It's a nightmare scenario for business owners. Employees log in to their workstations and attempt to access the usual systems, expecting to find customer reports. Instead, they find a message demanding money.
If the business wants to regain access to its software and data, it will have to pay a ransom. Until then, it is locked out. The business has become the latest victim of ransomware.
Ransomware is malicious software that hackers introduce into an organization's computer network to encrypt its data. The hackers hold the data hostage until their demands are met.
Those demands are normally for money, often payable in a crypto-currency such as Bitcoin. The hackers threaten to encrypt the data indefinitely, or even start deleting it, if they do not receive payment.
Ransomware has been around for a decade, but its use has exploded since 2015. Because it was infrequent until recently, insurance coverage for losses resulting from these attacks has not yet been widely purchased.
While cyber insurance has been available for several years, the coverages continue to evolve with the threats they insure against. Also, businesses have been slow to see a need for these policies, resulting in a low level of sales.
Consequently, an organization that becomes a victim of a ransomware attack might find itself uninsured. However, there are two potential avenues for coverage that many organizations already have - directors and officers (D&O) liability insurance and crime insurance.
Kidnap & ransom coverage
These policy types often provide kidnap and ransom (K&R) coverage. This coverage, frequently purchased by multinational corporations, applies to an organization's cost to pay ransoms.
Traditionally, coverage applies only if an "insured person" such as an employee or executive was kidnapped. Such policies would do nothing for the victims of ransomware attacks.
Some insurers are now providing - either deliberately or unintentionally - K&R coverage that applies to ransoms paid in response to cyber extortion. Among the events these policies may consider cyber extortion:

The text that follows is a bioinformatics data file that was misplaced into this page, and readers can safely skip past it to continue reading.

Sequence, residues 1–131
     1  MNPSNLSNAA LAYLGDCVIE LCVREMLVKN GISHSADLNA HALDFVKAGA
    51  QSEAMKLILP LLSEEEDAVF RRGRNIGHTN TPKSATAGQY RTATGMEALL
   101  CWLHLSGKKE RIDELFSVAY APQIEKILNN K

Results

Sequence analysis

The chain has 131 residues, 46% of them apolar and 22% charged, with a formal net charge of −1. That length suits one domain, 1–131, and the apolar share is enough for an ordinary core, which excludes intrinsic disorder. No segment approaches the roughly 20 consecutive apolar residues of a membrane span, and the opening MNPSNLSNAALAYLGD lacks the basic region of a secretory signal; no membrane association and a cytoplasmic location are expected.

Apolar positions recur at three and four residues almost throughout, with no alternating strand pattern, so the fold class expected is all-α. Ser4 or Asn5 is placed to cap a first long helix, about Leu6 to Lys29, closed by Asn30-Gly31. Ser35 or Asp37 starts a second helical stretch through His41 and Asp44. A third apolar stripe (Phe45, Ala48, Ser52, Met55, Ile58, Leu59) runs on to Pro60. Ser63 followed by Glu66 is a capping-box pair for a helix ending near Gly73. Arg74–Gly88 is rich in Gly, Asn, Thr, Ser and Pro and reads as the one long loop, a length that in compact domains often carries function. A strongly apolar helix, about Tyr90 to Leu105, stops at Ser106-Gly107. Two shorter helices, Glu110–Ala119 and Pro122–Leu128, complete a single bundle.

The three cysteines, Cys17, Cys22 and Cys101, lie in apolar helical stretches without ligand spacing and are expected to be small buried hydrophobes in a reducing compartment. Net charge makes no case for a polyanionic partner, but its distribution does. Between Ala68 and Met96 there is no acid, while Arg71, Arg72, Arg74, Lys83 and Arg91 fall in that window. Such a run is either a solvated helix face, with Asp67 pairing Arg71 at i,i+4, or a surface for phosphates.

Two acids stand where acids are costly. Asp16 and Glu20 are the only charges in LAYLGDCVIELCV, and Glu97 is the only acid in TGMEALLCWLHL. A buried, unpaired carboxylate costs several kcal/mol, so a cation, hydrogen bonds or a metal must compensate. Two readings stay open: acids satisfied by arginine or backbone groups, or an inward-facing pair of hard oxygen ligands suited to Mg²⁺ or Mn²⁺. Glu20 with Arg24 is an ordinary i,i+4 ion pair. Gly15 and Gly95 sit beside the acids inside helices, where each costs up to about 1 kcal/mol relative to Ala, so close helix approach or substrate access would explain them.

Threats to poison a computer system with malware.
Threats to change, damage, or destroy programs or data stored on a system if the owner does not pay a ransom.
Some insurers who provide K&R coverage did not anticipate covering ransomware losses and have made changes to the policies they sell. For example, some have added deductibles to the coverage, mirroring the terms of cyber policies, while others have capped the amount of business interruption coverage they will provide for cyber extortion losses.
Other insurers have changed their policies to better cover ransomware losses. Some have set up Bitcoin accounts for clients so that ransom payments can be made faster, shortening the length of time a business is incapacitated.
Experts expect the problem to become more urgent. The cost of global ransomware attacks in 2015 was $325 million, but by 2019 it is expected to be more than $11.5 billion. As the threat increases, organizations will have no choice but to insure against these losses, either through D&O coverage or cyber insurance.
Those who do not carry cyber insurance should review their D&O policies with their agents to determine whether the K&R coverage applies to ransomware losses.
If the coverage is missing, steps should be taken to obtain it, either through K&R coverage or cyber policies.
Cyber criminals are using ever more sophisticated tools. Sound network security practices and employee education are the best way to avoid disaster, but proper insurance coverage is essential if things should go wrong.
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